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New Onset of Neck Pain

I have new neck pain, what should I do?

Do not panic. There are many reasons as to why your neck can become painful and mostly these events are nothing to worry about.

Neck pain can vary from mild to very intense, as the neck can be a very sensitive area. It is rare for neck pain to be a sign of something serious (even if pain is very bad).

It can be easily managed by following some simple steps. Most new neck pain will fade in 2 to 6 weeks and can resolve in 6 to 12 weeks

What are the symptoms?

  • Pain in the neck, head, shoulder, or sometimes the arm
  • Pain may limit certain movements at the neck (like looking down), or general stiffness to all neck movements
  • Some people describe muscle tension or muscle spasms

What if I have some other symptoms, or if I had a fall?

Please read the "symptoms to check" in the red box on the right of this screen first before using this page.

What are the causes? 

Neck pain is very common. Most of us will experience some neck pain in our lives.

Neck pain can appear with no clear trigger, or some people can describe a movement or event that started the symptoms.

The neck has lots of muscles, joints and discs that might be involved in a pain event. These structures can heal and repair if they have been injured or inflamed. It is not essential to identify the structures involved, as this will not usually change the advice you are given. The spine is a strong and resilient structure.

You can reduce your risk of neck pain by living a healthy lifestyle. Access our "Healthy You" page for information on exercise, mental health, smoking and weight management.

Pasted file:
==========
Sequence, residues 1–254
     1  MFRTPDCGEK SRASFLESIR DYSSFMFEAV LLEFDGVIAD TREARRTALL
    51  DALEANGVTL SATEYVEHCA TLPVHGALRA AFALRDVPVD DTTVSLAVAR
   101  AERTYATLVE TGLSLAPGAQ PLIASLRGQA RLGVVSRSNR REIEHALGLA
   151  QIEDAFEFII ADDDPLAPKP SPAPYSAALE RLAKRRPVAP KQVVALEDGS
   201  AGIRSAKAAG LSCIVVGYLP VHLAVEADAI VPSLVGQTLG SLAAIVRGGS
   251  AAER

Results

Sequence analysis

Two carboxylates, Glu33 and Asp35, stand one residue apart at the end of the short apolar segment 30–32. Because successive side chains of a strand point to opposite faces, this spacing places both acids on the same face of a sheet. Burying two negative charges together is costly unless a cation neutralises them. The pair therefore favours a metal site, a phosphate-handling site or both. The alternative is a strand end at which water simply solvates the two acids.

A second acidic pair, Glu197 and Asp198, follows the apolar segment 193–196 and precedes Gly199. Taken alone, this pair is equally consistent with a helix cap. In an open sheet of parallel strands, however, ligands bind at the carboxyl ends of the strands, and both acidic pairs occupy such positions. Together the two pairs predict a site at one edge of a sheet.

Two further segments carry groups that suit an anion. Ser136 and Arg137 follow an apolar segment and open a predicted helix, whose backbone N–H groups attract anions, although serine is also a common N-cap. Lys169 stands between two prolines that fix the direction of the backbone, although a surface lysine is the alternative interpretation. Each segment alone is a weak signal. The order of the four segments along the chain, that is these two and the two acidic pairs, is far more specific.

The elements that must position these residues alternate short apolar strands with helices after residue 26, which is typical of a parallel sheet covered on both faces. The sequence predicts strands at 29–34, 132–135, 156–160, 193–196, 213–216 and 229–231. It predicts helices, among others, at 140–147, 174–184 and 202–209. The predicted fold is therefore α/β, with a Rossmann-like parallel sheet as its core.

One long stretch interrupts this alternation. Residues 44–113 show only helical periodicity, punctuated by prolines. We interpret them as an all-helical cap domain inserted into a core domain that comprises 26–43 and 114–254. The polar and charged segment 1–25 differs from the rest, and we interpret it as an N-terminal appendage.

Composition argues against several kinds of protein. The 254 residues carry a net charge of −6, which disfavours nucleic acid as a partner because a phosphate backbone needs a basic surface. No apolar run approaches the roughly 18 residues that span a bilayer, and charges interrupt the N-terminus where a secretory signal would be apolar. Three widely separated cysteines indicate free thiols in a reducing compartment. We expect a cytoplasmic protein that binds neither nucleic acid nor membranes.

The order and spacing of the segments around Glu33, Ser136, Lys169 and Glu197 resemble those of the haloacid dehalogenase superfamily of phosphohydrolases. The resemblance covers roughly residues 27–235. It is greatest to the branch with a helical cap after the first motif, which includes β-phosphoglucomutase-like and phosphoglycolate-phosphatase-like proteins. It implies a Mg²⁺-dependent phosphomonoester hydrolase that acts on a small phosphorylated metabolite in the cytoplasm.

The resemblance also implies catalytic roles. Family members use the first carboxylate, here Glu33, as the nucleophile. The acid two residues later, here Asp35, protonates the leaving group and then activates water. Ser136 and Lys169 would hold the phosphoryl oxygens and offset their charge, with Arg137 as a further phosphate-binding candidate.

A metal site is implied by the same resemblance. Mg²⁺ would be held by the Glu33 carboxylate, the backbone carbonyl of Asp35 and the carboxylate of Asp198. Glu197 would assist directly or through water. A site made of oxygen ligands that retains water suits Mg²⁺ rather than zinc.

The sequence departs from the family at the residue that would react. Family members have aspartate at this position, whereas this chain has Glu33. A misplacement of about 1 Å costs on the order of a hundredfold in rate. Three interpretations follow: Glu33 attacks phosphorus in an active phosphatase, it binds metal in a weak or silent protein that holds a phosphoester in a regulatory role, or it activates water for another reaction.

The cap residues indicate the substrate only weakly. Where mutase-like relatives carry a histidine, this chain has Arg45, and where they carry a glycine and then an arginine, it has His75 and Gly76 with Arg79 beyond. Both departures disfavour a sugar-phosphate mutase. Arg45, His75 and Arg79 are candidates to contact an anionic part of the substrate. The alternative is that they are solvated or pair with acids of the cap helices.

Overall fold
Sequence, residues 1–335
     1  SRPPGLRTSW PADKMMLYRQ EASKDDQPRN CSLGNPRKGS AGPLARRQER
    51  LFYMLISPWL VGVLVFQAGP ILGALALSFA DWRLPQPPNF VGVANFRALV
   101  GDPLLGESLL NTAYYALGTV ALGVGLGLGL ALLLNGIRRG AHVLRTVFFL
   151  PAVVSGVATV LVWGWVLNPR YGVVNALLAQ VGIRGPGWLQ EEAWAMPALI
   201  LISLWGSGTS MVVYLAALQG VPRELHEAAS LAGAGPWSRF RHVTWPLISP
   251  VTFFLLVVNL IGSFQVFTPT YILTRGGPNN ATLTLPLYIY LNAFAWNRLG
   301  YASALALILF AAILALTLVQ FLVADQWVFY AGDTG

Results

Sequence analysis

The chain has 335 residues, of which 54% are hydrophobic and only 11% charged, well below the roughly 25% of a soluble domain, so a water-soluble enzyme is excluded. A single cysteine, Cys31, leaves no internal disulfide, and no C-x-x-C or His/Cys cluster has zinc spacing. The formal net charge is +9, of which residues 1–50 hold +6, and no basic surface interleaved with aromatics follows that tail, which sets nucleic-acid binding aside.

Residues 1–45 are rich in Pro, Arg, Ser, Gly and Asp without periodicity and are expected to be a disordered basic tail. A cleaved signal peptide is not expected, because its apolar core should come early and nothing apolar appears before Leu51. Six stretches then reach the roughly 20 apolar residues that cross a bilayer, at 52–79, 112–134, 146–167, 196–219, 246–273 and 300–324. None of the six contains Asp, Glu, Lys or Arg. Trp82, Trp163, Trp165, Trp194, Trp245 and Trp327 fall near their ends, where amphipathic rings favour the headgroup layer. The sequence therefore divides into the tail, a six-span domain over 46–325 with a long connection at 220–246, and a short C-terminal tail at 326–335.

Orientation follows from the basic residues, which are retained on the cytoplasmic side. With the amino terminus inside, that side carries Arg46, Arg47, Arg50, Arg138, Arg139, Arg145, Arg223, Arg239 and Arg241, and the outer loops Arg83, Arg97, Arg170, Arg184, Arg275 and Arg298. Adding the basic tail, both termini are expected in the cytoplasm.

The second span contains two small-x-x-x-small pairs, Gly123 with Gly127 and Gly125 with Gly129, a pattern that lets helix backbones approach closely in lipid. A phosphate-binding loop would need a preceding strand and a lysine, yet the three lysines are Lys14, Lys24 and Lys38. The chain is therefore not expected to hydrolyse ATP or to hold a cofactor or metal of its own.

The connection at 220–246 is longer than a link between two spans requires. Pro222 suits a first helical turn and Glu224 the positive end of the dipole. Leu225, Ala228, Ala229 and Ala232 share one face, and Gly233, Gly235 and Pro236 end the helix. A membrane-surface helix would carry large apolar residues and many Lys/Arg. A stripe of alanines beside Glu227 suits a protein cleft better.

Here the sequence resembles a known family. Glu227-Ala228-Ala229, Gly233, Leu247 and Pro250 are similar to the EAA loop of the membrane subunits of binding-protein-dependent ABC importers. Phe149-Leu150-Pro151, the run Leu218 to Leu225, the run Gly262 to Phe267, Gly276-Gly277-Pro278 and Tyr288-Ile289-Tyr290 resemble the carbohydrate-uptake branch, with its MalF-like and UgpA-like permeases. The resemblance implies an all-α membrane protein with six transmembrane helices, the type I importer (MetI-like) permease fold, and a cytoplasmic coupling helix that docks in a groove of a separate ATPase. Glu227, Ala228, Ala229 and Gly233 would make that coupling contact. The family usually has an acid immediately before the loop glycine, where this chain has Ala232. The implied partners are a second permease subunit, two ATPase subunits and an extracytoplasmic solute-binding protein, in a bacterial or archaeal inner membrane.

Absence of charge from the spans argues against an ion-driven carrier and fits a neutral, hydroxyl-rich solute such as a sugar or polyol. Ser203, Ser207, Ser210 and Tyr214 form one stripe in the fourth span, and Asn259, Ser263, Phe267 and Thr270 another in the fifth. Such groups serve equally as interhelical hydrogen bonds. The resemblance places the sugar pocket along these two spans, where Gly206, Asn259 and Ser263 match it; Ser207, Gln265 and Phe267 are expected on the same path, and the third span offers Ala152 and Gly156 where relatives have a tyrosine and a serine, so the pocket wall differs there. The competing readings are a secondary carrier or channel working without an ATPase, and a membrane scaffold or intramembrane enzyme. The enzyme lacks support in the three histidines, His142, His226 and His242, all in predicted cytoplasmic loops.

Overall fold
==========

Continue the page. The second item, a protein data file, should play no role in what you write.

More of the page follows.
What can I do to help myself? 

new onset of neck pain infograph

What else can I do?

Any movement or exercise can help! You may feel more confident starting with gentler exercise types like walking, swimming and stretching. Aim to get confident with using and moving your neck again.

There are no movements that will be dangerous or cause damage to your neck. It is ok to return to sports or the gym, if you feel up to it. But you may need to modify exercises or do a bit less than usual. (Avoiding all pain isn’t necessary, but you do not need to ‘push through’ pain either, especially if it is spoiling your enjoyment of exercise!)

We have included some exercises below for you to try:

New onset of neck pain - EASY

New onset of neck pain - MODERATE

New onset of neck pain - ADVANCED

Is neck pain caused by bad posture?

posture infograph

Do I need an x-ray or a scan?

In most cases, no. Scans and x-rays are rarely useful in diagnosing neck pain. While a scan or x-ray sometimes provides information, it rarely alters the treatment plan.

Imaging findings are very poorly linked with pain. Often people with no pain have very similar findings on their scans/x-rays to those with pain, and the words used in scan reports can make us worry unnecessarily.

X-rays and scans can help for a small number of people in certain situations and will be recommended by a healthcare professional if required.

Symptoms to check

Click the plus sign to see a list of problems that could be a sign you may need to be checked urgently

When to get immediate medical advice

You should contact a GP or NHS 111 immediately if you have neck pain and:

  • numbness or tingling around your genitals or buttocks
  • loss of bladder or bowel control or difficulty peeing
  • severe arm pain with accompanying tingling or numbness
  • chest Pain
  • a high temperature (fever) of 38C (100.4F) or above
  • a swelling or a deformity in your neck
  • problems walking
  • lack of coordination or heaviness to your arms or legs
  • sudden, significant weakness to your arms and legs
  • it does not improve after resting or is worse at night
  • severe headache
  • it started after a serious accident, such as after a car accident


These problems could be a sign of something more serious and need to be checked urgently.

Immediate medical advice is available by contacting NHS 111

Referral information

If you are struggling with managing your neck pain you can self-refer to a physiotherapist for further guidance.